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Google Quantum Breakthrough Could Improve Proof-of-Stake

The application of Google’s Quantum Computing Technology could reportedly help to improve the technology which underpins proof-of-stake (PoS) cryptocurrencies.

PoS is a type of consensus algorithm where block creators are randomly chosen with a probability that proportional to their stake, while the algorithm of proof-of-work-based digital currencies uses mining. However, the PoS variant has raised doubts regarding the integrity of random selections.

On October 23, Scott Aaronson, a Quantum Theoretician at the University of Texas at Austin, told Fortune, that Quantum Computing could alleviate PoS-skeptics doubts, as a Quantum Supremacy Experiment could generate certifiably random numbers.

Previously, he wrote on his personal blog:

“A sampling-based quantum supremacy experiment could almost immediately be repurposed to generate bits that can be proven to be random to a skeptical third party (under computational assumptions). This, in turn, has possible applications to proof-of-stake cryptocurrencies and other cryptographic protocols. I’m hopeful that more such applications will be discovered in the near future.” Scott Aaronson

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Scott Aaronson

Likewise, on October 23, Google published the results of its Quantum Supremacy Experiment, which Aaronson peer-reviewed. In the experiment, “Sycamore” — a 54-qubit processor with Quantum Logic Gates, took 200 seconds to sample one instance of a Quantum Circuit a million times.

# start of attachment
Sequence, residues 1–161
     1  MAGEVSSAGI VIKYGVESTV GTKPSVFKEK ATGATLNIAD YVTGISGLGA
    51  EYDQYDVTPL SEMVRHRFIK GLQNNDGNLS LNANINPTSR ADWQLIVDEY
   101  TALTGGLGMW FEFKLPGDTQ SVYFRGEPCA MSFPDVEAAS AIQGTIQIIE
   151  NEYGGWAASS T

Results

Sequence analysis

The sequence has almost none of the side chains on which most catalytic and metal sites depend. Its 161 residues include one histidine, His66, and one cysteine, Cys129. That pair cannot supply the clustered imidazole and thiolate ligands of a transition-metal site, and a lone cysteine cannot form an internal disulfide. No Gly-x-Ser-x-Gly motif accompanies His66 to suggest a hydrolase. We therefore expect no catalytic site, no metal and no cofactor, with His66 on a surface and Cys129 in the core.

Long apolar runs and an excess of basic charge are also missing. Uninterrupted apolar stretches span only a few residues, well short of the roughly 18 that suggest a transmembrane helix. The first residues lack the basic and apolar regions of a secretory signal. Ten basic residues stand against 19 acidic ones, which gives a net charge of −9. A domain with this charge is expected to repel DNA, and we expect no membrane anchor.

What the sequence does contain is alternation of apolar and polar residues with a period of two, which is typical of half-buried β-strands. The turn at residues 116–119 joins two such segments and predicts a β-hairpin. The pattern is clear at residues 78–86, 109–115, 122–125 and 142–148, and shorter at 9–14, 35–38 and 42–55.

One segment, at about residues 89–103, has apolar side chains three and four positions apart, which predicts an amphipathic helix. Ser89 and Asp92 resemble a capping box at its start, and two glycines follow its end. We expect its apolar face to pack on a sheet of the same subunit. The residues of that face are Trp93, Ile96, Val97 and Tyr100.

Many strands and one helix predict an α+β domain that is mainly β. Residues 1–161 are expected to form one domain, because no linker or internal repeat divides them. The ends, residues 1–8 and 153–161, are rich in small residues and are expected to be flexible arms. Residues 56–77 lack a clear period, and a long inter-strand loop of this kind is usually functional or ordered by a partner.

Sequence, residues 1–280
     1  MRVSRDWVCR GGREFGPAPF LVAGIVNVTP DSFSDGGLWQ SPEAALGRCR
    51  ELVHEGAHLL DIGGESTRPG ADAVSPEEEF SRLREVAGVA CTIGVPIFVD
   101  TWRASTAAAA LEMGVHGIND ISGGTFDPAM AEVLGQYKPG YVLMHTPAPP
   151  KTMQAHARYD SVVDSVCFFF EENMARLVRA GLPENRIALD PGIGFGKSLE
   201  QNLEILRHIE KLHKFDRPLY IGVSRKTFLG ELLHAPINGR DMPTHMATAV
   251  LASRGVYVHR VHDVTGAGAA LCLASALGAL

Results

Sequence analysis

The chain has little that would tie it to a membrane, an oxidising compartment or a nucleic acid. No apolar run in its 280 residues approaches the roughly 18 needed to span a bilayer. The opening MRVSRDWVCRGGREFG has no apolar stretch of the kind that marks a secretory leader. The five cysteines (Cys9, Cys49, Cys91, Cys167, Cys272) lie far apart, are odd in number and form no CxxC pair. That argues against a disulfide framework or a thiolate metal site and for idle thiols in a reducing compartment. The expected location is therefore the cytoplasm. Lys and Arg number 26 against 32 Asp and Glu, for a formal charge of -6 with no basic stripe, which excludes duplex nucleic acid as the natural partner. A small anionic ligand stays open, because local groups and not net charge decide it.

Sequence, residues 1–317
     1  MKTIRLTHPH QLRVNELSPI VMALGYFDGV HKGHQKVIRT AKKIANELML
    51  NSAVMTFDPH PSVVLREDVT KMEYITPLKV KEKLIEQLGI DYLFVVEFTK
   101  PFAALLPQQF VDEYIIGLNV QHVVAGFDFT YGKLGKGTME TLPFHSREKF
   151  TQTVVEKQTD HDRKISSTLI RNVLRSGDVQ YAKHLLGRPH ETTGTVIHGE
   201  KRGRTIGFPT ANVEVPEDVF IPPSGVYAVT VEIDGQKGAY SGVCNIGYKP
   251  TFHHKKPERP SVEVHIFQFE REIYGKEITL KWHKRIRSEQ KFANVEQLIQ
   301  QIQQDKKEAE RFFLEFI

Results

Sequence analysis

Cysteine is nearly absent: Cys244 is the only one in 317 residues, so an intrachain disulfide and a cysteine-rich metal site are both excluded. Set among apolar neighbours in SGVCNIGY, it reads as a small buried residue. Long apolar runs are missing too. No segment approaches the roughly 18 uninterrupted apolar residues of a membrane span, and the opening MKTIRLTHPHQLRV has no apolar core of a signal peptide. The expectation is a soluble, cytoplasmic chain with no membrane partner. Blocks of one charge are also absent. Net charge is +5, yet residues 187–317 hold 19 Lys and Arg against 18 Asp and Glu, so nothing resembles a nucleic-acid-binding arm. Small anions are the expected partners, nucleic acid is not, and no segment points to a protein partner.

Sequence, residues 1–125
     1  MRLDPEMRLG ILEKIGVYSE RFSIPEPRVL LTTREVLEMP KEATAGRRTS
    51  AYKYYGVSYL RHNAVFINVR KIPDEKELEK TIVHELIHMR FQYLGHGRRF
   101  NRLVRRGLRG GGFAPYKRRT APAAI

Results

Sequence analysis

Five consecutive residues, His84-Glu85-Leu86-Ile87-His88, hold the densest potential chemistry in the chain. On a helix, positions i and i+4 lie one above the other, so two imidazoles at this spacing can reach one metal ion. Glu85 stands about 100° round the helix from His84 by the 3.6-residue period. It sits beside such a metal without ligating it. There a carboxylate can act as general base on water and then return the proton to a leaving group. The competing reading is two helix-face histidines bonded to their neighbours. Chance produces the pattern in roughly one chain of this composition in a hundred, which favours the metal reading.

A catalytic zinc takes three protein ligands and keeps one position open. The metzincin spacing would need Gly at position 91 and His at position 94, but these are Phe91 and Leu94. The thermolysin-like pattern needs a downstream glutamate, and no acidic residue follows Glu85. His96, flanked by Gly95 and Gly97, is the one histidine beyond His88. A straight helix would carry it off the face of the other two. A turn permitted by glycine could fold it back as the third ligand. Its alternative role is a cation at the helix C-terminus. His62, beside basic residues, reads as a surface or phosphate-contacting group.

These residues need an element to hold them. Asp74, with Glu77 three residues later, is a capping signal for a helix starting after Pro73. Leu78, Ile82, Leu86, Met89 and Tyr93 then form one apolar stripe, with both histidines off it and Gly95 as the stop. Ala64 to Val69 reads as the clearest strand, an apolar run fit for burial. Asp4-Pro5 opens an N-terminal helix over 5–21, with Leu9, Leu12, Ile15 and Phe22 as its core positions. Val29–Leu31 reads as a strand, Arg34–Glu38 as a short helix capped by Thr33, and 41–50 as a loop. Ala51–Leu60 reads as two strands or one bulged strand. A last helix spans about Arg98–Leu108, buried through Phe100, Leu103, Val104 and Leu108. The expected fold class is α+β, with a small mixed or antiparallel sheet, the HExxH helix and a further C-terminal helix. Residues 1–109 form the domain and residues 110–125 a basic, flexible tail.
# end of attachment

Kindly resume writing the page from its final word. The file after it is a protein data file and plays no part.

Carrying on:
In contrast, IBM’s supercomputer Summit, which is purportedly the most powerful computer to date, would run such a calculation for 10,000 years.

Google states that its experiment is the first experimental challenge against the extended Church-Turing Thesis, also known as Computability Thesis, which claims that traditional computers can effectively carry out any “reasonable” model of computation.

In a dedicated blog post, Google explained:

“We first ran random simplified circuits from 12 up to 53 qubits, keeping the circuit depth constant. We checked the performance of the quantum computer using classical simulations and compared with a theoretical model. Once we verified that the system was working, we ran random hard circuits with 53 qubits and increasing depth, until reaching the point where classical simulation became infeasible. […] With the first quantum computation that cannot reasonably be emulated on a classical computer, we have opened up a new realm of computing to be explored.”

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Previously, Peter Todd, an ex-Bitcoin Core Developer, poured cold water on fears that recent advances in Quantum Computing could endanger the security of Bitcoin (BTC), which is a proof-of-work-based cryptocurrency.

Thus, Todd concluded by saying that financial impediments alone would keep Bitcoin free from potential trouble.

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